Oxidative stress and mitochondrial dysfunction are recognized as major contributors of cardiovascular damage in diabetes and high fat diet (HFD) fed mice. Blockade of receptor for advanced glycation end products (RAGE) attenuates vascular oxidative stress and development of atherosclerosis. We tested whether HFD-induced myocardial dysfunction would be reversed in RAGE deficiency mice, in association with changes in oxidative stress damage, mitochondrial respiration, mitochondrial fission and autophagy-lysosomal pathway. Cardiac antioxidant capacity was upregulated in RAGE/ mice under normal diet as evidenced by increased superoxide dismutase and sirtuin mRNA expressions. Mitochondrial fragmentation and mitochondrial fission protein Drp1 and Fis1 expressions were increased in RAGE/ mice. Autophagy-related protein expressions and cathepsin-L activity were increased in RAGE/ mice suggesting sustained autophagy-lysosomal flux. HFD induced mitochondrial respiration defects, cardiac contractile dysfunction, disrupted mitochondrial dynamics and autophagy inhibition, which were partially prevented in RAGE/ mice. Our results suggest that cardioprotection against HFD in RAGE/ mice include reactivation of autophagy, as inhibition of autophagic flux by chloroquine fully abrogated beneficial myocardial effects and its stimulation by rapamycin improved myocardial function in HFD wild type mice. As mitochondrial fission is necessary to mitophagy, increased fragmentation of mitochondrial network in HFD RAGE/ mice may have facilitated removal of damaged mitochondria leading to better mitochondrial quality control. In conclusion, modulation of RAGE pathway may improve mitochondrial damage and myocardial dysfunction in HFD mice. Attenuation of cardiac oxidative stress and maintenance of healthy mitochondria population ensuring adequate energy supply may be involved in myocardial protection against HFD.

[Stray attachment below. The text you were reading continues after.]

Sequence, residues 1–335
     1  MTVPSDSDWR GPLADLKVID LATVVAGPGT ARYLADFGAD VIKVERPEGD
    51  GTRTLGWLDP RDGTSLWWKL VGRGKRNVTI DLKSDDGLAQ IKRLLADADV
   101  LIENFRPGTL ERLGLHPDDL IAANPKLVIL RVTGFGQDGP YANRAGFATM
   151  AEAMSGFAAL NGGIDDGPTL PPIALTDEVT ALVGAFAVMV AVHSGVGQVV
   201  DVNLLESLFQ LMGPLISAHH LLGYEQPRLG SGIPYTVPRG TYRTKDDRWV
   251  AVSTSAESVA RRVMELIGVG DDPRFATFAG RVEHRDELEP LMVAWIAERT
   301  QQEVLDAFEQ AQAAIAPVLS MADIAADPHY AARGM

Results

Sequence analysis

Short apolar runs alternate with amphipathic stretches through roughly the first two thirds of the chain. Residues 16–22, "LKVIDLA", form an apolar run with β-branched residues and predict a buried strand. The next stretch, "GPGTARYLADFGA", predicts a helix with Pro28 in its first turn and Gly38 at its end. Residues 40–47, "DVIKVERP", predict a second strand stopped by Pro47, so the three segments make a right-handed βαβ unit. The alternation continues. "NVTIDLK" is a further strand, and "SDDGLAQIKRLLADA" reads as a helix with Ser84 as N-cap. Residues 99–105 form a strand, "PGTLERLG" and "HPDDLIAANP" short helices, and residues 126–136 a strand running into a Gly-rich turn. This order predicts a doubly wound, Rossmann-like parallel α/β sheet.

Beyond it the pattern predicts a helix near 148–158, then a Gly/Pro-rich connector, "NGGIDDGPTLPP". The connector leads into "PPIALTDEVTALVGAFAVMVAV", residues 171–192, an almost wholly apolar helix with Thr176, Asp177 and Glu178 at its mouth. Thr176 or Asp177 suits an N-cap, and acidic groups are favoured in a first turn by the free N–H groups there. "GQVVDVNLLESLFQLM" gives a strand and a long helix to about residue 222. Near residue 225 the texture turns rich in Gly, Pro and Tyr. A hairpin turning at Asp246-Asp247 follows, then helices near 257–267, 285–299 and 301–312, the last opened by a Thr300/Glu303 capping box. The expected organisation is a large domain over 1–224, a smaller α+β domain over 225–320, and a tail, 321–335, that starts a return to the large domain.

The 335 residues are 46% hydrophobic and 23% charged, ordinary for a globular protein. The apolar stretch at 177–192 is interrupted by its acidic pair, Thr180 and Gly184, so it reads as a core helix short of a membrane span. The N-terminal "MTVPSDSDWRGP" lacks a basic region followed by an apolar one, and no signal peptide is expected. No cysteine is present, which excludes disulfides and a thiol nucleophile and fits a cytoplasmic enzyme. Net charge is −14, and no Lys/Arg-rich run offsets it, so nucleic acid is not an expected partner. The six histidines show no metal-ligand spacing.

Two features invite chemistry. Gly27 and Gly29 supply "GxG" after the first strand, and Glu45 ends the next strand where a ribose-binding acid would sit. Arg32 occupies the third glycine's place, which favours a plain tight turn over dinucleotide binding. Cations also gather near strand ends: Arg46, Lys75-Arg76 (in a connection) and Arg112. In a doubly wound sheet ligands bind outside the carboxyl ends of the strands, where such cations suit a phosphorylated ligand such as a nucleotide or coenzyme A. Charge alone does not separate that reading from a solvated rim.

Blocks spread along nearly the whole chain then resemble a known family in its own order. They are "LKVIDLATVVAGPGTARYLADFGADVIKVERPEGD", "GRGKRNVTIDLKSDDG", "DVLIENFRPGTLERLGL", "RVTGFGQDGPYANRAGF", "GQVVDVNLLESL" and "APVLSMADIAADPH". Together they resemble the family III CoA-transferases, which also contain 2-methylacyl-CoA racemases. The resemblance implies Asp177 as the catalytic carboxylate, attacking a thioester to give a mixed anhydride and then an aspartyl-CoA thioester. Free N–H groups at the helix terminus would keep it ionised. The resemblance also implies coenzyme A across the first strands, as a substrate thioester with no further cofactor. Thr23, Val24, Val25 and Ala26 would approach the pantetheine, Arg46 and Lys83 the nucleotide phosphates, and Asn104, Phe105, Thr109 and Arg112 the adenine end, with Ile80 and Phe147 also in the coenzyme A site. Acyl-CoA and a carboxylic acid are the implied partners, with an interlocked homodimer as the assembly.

Mitophagy Receptors and Mediators: Therapeutic Targets in the Management of Cardiovascular Ageing.